Matthew 5:48

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Matthew 5:48 is the forty-eighth and final verse of the fifth chapter of the Gospel of Matthew in the New Testament and is part of the Sermon on the Mount. This is the final verse of the final antithesis, and it is a summary of Jesus' earlier teachings.


In the King James Version of the Bible the text reads:

Be ye therefore perfect, even as your
Father which is in heaven is perfect.

The World English Bible translates the passage as:

Therefore you shall be perfect, just
as your Father in heaven is perfect.


The formulation is this verse is known as the Imitatio Dei a similar verse appears at Luke 6:36 and may have originally been in Q. The verse might be modelled on Leviticus 19:2.

There is much debate about what exactly this verse means. Being as perfect as God is seen by most as an impossibility. Some scholars believe that Jesus is here setting a goal that is certain to be impossible, so that we will realize this and be humble. The pursuit of perfection is important, even if the attainment of it impossible.[1]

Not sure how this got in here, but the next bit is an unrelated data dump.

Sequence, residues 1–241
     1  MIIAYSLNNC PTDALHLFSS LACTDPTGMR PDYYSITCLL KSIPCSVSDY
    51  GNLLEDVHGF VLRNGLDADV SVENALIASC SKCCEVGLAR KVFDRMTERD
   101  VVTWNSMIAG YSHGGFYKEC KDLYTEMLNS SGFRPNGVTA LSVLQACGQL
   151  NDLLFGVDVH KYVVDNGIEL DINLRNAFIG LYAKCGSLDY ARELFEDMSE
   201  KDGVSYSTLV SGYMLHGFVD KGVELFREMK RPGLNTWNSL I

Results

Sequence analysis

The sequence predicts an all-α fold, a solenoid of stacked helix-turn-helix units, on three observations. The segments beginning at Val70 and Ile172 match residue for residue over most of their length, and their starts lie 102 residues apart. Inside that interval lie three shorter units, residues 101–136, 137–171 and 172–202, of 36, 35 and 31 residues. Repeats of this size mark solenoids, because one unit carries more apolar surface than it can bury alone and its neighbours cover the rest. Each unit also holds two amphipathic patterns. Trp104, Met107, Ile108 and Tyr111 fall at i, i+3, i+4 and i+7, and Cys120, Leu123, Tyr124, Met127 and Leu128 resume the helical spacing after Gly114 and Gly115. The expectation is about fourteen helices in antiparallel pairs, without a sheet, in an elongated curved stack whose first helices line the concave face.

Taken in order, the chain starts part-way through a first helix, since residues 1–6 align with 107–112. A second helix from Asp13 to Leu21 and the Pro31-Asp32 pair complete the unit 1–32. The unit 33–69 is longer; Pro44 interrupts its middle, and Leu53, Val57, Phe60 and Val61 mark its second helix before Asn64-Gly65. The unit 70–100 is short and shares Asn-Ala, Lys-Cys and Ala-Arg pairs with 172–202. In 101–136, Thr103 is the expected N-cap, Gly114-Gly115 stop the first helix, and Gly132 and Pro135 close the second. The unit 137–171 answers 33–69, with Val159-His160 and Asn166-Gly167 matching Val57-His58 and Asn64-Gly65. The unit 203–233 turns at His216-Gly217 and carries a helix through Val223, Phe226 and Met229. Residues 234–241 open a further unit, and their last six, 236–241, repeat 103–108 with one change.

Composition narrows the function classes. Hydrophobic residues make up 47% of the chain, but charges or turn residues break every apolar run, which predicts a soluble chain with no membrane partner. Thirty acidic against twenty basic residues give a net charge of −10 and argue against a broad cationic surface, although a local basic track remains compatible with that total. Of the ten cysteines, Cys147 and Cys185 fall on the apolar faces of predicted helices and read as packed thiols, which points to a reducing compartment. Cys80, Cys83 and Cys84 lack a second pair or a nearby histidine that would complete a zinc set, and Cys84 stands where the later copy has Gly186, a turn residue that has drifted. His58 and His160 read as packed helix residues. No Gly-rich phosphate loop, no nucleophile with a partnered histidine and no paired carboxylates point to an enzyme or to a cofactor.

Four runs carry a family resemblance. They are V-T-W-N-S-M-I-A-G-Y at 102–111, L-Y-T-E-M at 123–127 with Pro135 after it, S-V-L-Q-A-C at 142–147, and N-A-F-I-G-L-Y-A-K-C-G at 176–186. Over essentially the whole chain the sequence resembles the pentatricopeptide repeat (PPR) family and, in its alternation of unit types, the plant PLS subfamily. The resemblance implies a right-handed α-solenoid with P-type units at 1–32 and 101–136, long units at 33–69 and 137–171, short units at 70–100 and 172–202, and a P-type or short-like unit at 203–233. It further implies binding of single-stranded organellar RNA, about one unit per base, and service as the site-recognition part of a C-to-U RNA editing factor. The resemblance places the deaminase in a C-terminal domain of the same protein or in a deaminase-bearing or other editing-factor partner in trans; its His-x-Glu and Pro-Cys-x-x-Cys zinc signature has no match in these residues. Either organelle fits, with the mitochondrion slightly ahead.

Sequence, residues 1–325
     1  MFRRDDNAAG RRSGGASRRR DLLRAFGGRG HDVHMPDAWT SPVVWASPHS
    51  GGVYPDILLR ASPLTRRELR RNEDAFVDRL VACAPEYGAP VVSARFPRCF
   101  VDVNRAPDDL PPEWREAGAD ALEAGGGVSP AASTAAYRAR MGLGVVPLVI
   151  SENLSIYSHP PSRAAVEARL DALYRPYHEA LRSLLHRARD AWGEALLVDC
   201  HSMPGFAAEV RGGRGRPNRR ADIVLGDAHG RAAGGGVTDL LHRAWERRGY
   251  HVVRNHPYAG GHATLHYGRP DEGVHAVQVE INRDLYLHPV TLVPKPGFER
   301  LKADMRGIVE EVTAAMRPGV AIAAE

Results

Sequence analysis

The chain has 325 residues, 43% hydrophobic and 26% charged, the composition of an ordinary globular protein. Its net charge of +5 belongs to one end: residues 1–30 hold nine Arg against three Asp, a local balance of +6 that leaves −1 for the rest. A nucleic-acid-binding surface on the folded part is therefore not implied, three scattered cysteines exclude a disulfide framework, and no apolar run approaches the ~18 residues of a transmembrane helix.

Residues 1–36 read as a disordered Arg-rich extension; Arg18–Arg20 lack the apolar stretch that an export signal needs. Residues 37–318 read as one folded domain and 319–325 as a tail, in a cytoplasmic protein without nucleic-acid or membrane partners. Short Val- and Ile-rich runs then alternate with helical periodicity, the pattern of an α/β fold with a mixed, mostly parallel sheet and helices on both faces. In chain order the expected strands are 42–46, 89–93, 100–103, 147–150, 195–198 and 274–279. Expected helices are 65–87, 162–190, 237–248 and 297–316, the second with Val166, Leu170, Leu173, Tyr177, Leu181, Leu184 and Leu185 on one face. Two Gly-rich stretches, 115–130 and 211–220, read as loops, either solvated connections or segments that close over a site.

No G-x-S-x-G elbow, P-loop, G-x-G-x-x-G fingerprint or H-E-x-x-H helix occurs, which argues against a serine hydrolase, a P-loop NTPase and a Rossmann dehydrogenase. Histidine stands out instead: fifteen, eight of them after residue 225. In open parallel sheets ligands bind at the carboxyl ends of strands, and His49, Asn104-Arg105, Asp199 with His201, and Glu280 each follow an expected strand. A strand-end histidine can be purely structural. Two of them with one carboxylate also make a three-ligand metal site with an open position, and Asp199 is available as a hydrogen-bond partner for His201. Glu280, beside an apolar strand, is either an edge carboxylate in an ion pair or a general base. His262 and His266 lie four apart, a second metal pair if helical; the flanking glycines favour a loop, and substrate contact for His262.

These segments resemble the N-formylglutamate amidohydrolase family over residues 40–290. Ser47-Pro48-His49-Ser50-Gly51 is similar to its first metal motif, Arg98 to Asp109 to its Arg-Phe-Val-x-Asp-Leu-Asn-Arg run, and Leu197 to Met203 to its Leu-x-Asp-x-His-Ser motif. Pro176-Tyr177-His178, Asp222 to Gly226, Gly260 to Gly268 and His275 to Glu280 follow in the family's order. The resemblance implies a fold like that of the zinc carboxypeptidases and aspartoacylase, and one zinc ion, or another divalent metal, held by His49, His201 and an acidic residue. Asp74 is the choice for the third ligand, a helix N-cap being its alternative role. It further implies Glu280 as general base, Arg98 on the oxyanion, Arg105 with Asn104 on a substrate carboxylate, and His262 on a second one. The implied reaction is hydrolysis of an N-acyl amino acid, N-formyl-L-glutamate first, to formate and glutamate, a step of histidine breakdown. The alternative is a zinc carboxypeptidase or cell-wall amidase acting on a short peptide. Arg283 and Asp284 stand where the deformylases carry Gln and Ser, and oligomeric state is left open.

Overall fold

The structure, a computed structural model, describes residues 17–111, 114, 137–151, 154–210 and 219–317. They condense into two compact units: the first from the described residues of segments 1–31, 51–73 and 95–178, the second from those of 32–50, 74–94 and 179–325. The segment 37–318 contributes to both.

An alternative view is that this is a limited form of perfection that is being asked. Fowler notes that elsewhere in the New Testament, it is stated that those who believe in Jesus and rely fully upon him for all things is perfect. In Jewish scripture certain individuals such as Abraham and Noah are referred to as perfect because of their perfect obedience to God. In these passages perfect is used as a synonym for complete, and perfect obedience to God is simply complete obedience to God. The Qumran followers described themselves as the followers of the "perfect way," in that they were followers of what they believed was perfect dedication to God.[2]

A third view is to link the word perfect, or telios, to how it is used by the Greek philosophers. To them something was perfect if it fully be its intended function. Barclay argues that the previous verses made clear that man's function is to love, and anyone who does that absolutely can be considered perfect.[3]

This command is somewhat different than the earlier one's in that it is in the future tense. This makes it seem like something of a promise as well as a command.

Further reading[edit]

  • Matthew 5:48 - a collection of other versions of the verse


  1. ^ Morris, Leon. The Gospel According to Matthew. Grand Rapids: William B. Eerdmans, 1992.
  2. ^ Fowler, Harold. The Gospel of Matthew: Volume One. Joplin: College Press, 1968
  3. ^ Barclay, William. The Gospel of Matthew: Volume 1 Chapters 1-10. Edinburgh: Saint Andrew Press, 1975.

Preceded by
Matthew 5:47
Gospel of Matthew
Chapter 5
Succeeded by
Matthew 6:1